Because of the position I take it is not necessary to discuss other issues in any detail. I concur in all other respects with the principal opinion. Extended analysis of Grigsby v. Mabry, 758 F.2d 226 (8th Cir. 1985) is not necessary because the two jurors who might have served indicated reluctance to "put somebody in jail," and so were properly excludable for the guilt-innocence phase. Compare State v. Kenley, 693 S.W.2d 79 (Mo. banc 1985). See my Concurring Opinion in State v. Malone, 694 S.W.2d 723 (Mo. banc 1985). I also agree that the court was justified in correcting the perceived errors in instruction, but see some inconsistency in requiring the trial judges in other criminal cases, and in civil cases, to remain silent as robots when confronted with jurors' questions showing legitimate concern about instructions.

The death penalty was appropriately submitted to the jury. The State is entitled to a new trial of the punishment phase if it desires. I would affirm the conviction for capital murder but would remand for a new trial of the punishment phase. The State of course could waive the death sentence, in which case it would be appropriate for the court to sentence the defendant to the mandatory life term with a minimum of 50 years.

DONNELLY, Judge, dissenting.

In State v. Brizendine, 445 S.W.2d 827 (Mo. banc 1969), the majority of this Court noted 28 U.S.C. § 2254 (the Federal Habeas Corpus Act) and advised the people of Missouri that its effect is to make this Court subservient to all courts of the United States in cases involving violations of the criminal laws of Missouri.

Since Brizendine, and despite persistent urging after publication of Alexander M. Bickel's The Morality of Consent in 1975, the majority of this Court has refused to repudiate the arrogations of Cooper v. Aaron, 358 U.S. 1, 78 S. Ct. 1401, 3 L. Ed. 2d 5 (1958).

In this circumstance of self-imposed impotence, this Court, in criminal cases where violations of the United States Constitution are alleged, should withdraw from consideration of such cases until review by federal courts of such issues has been exhausted.

In any event, the posturing in this case reference Grigsby serves no useful purpose.

I respectfully dissent.


[1] Unless otherwise indicated, all references herein to statutes are to Missouri Revised Statutes, RSMo 1978. Section 565.001 was repealed by L.1983, p. 922, S.B. No. 276, § 1. Section 566.060 was amended in 1980, which amendment appears in the 1984 cumulative supplement to the statutes. Section 565.035 also appears in the 1984 cumulative supplement, being enacted in 1983.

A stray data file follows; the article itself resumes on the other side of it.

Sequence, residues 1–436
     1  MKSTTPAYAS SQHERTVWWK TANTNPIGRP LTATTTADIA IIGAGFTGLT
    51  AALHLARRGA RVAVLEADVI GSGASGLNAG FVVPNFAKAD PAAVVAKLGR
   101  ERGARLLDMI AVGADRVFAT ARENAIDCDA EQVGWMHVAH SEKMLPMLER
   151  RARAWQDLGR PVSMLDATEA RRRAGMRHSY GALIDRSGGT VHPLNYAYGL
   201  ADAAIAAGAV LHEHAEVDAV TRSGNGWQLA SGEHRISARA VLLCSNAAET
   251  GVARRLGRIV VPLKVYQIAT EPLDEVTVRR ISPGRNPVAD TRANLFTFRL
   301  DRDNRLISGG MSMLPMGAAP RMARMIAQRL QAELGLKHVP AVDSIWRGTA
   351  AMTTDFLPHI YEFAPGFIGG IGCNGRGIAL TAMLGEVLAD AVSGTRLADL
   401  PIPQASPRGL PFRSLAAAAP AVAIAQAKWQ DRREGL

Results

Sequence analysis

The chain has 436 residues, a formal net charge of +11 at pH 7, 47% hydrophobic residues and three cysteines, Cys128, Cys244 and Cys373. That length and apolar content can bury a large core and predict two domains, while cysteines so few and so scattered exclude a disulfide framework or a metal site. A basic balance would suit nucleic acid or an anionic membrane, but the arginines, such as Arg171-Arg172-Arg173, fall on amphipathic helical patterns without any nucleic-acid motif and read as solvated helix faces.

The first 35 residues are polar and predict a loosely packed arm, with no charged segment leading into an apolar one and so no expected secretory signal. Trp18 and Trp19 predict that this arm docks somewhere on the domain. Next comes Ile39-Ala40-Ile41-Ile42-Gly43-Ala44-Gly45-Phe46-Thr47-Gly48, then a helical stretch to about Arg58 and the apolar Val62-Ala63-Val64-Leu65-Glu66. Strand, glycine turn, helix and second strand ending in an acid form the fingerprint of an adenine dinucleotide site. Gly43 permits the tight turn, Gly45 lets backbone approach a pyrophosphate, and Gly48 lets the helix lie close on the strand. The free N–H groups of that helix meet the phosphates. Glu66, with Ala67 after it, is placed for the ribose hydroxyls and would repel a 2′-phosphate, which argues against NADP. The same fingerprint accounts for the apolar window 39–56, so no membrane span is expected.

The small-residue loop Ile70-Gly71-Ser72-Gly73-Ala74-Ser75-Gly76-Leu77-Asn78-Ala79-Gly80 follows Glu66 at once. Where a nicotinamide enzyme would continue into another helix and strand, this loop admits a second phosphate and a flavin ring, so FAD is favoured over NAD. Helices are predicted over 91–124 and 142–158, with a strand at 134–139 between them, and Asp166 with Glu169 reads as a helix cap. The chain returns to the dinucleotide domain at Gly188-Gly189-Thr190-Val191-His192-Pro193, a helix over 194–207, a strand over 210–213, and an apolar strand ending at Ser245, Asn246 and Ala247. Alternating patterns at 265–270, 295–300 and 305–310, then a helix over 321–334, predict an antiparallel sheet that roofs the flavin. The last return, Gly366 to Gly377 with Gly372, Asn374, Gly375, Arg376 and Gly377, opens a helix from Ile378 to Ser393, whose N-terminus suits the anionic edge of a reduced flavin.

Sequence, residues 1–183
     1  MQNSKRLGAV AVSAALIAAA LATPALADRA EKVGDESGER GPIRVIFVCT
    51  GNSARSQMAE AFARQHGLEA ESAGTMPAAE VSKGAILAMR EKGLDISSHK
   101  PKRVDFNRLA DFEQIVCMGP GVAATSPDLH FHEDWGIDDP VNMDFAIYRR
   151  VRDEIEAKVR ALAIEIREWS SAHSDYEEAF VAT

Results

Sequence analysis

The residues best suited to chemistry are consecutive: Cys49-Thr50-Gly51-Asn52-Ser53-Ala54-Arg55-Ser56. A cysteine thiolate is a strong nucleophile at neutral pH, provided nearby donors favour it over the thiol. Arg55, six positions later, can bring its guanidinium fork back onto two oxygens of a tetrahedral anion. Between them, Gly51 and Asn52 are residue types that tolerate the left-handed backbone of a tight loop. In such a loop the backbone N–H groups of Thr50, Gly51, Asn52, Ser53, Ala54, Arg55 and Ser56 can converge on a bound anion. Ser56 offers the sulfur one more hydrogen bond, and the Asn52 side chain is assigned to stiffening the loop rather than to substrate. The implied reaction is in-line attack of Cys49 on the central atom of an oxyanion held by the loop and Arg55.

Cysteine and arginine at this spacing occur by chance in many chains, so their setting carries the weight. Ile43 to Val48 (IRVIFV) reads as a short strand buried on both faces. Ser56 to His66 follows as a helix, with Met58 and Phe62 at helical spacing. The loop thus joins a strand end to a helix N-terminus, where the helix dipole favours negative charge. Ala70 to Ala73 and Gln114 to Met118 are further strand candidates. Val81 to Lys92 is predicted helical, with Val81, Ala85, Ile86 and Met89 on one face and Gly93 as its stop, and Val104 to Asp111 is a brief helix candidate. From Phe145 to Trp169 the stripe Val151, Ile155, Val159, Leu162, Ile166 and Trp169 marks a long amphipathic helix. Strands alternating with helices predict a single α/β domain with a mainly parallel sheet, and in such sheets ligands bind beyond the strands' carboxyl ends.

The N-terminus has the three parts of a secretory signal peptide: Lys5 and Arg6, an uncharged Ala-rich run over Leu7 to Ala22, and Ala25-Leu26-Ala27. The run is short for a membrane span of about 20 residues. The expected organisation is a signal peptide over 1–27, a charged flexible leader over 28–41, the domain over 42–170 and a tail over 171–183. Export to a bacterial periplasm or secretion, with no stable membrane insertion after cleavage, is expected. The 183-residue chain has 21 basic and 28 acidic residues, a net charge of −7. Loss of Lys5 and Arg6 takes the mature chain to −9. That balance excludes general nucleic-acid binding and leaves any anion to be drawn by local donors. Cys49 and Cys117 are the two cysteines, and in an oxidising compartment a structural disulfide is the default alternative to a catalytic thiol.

[2] Unless otherwise indicated, all references to rules are to Missouri Rules of Court, V.A.M.R.

[3] Arkansas: Ferguson v. State, 218 Ark. 100, 234 S.W.2d 990, 991 (1950), where the court held that all exceptions made and ruled upon by the trial court, whether or not included in the motion for new trial, are to be considered on appeal in a capital case; Florida: State v. Wright, 224 So. 2d 300, 301 (Fla.1969), where the court held that an allegation of insufficiency of the evidence not raised in a motion for new trial is not to be considered except where the defendant is sentenced to death; Louisiana: State v. Richard, 203 La. 722, 14 So. 2d 615, 616 (1943), where the court held that in a capital case, it would review the reserved bills of exception even though defendant had failed to file a motion for new trial before appeal; Oklahoma: Bingham v. State, 82 Ok.Cr. 5, 165 P.2d 646, 651-652 (1946), where the court held, "in a capital case, all errors alleged to have been committed during the trial of the defendant will be considered whether such assigned errors were presented to the lower court or properly raised by motion for new trial."

[4] Section 565.012 repealed by L.1983, p. 923, S.B. No. 276, § 1.

[5] The Nebraska statute, § 29-2523(1)(a), RRS 1943, reads, in defining one species of statutory aggravating circumstance "the offender was previously convicted of another murder or a crime involving the use or threat of violence to the person, or has a substantial history of serious assaultive or terrorizing criminal activity."